Financial Times: Amazon reviewers make money on false reviews, Bezos in the know
The Financial Times conducted an investigation that revealed that top Amazon reviewers left product reviews in exchange for money. As a result, the site removed more than 20 thousand such reviews. Seven of the top ten UK reviewers were contributors.
Among those whose reviews had to be removed was Justin Fryer, who is ranked # 1 on Amazon.co.uk and only wrote reviews for products worth £ 15,000 or $ 19,700 in August alone. He left reviews on smartphones and electric scooters, as well as exercise equipment. A five-star review from this reviewer came in approximately every four hours.
In the vast majority of cases, these were products of little-known Chinese brands. Those, it turns out, often offer to send product reviewers for free in exchange for positive reviews. Fryer himself subsequently resold many of the items on eBay, earning nearly £ 20,000 since June. Moreover, on the new site, the goods were marked as unpacked, although, in the video of his reviews, Fryer took them out of the box and tested them. On August 13, he sold an electric scooter for £ 485.99, although he posted a review of the same product on Amazon in seven days, claiming that the "toy" was liked "so much that they bought a second one for the bride."
At least two other top reviewers deleted the review history after reporters exposed and contacted Fryer. At the same time, the reviews themselves remained available on the site until Amazon removed them. They promised that they are ready to take further measures if there is evidence of violations of the law. Amazon noted that they are already using AI technology to identify fraudsters, as well as to monitor user reports.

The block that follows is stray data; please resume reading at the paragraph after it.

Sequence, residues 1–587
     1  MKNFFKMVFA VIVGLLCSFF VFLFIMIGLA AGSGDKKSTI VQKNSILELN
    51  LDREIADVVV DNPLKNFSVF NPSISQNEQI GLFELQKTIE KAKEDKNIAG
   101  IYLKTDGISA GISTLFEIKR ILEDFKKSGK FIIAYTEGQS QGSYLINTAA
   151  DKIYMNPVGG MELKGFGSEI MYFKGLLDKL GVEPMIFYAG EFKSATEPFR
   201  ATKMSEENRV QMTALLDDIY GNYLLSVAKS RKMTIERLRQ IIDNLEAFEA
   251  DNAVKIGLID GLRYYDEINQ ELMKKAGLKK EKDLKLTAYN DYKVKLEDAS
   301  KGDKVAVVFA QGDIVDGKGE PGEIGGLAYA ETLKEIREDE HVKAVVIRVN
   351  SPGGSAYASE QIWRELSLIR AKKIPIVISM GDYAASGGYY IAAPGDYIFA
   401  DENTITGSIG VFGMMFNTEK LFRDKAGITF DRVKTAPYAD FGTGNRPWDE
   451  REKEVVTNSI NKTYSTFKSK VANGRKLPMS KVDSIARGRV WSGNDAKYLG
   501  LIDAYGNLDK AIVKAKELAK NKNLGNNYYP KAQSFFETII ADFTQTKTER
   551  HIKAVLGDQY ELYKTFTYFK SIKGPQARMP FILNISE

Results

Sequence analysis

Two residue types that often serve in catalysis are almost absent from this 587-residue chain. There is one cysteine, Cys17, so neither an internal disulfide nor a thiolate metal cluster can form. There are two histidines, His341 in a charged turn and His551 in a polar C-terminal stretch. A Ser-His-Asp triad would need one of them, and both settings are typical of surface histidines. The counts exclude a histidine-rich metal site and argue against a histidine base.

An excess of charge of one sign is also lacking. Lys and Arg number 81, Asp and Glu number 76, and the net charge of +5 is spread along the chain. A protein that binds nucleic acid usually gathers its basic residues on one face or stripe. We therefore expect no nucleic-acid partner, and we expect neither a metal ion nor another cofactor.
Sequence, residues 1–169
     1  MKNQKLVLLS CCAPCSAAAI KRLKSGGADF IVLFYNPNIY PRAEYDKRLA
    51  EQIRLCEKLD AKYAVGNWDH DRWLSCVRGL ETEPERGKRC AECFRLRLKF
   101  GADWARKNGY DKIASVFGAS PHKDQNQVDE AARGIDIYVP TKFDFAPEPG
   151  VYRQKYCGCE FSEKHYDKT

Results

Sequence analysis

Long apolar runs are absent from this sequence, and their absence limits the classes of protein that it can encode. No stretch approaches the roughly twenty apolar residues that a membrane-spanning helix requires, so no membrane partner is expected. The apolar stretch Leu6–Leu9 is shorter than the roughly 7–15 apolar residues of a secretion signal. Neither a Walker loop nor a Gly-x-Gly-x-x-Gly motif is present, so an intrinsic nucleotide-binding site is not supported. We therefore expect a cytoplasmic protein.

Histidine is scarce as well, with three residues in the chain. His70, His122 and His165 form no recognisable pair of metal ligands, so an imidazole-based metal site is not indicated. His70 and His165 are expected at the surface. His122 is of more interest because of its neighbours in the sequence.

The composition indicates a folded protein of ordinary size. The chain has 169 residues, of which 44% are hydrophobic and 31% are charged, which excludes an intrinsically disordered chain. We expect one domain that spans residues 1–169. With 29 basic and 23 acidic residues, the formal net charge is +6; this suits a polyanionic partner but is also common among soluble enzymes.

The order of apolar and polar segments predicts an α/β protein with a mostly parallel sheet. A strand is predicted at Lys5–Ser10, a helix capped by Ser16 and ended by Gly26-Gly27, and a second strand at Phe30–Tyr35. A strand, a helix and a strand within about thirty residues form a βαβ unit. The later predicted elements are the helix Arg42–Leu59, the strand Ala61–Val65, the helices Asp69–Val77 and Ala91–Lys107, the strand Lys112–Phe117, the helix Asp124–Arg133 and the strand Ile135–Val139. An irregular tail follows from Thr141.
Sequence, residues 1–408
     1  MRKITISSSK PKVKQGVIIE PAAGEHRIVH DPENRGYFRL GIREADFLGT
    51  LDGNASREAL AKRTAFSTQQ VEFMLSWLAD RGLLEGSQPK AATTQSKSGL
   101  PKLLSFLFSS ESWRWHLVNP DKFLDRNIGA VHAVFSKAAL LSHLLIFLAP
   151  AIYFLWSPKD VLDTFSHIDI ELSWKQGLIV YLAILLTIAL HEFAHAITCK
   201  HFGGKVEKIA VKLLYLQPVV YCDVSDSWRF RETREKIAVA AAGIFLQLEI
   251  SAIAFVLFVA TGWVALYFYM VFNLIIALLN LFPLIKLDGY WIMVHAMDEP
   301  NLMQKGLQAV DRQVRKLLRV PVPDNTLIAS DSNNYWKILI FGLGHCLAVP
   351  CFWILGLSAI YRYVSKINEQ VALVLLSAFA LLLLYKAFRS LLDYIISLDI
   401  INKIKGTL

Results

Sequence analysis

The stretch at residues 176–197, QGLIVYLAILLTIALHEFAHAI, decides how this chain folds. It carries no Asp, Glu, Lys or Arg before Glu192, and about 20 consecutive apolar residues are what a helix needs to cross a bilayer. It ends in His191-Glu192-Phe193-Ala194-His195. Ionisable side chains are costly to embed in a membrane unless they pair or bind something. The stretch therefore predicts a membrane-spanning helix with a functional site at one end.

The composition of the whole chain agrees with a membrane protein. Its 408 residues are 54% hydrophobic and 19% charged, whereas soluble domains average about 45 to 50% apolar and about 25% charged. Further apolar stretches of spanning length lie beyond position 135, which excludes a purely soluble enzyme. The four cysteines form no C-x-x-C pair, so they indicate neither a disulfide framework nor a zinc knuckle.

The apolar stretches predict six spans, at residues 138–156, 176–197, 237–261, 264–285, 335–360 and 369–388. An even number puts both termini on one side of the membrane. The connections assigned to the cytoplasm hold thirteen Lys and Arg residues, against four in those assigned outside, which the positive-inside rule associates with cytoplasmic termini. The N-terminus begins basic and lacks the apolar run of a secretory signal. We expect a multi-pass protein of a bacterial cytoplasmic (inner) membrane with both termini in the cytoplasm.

It is noted that the problem of fake reviews worsened during the pandemic. So, according to the estimates of the analytical group of online reviews Fakespot, the peak came in May, when 58% of products on Amazon.co.uk were accompanied by fake reviews.
Amazon has been aware of Fryer's account activity since at least early August, when one of the site's users sent an email to CEO Jeff Bezos, according to reporters. The site employee replied that the letter had been received by the addressee, and the complaint about the account of Fryer and other reviewers would be considered. However, in the end, the company removed only those reviews that it directly complained about.
However, Amazon's guidelines explicitly prohibit creating, modifying, or publishing content in exchange for compensation of any kind (including free or discounted products), or on behalf of anyone else. An exception is the invite-only scheme, where the top reviewers receive free products, regardless of the content of their review.
Observers say Amazon's algorithms drive positive reviews, as they are a critical factor in propelling products up the rankings and helping them get the Amazon Choice badge.
To get five-star reviews, companies turn to Telegram chatbots, which were created to streamline the process. The creator of one of them reported that his bot alone processed more than 16 thousand such reviews last year. Interested reviewers then select the free product they want, order it, and a few days later upload the review and receive a full refund - usually via PayPal.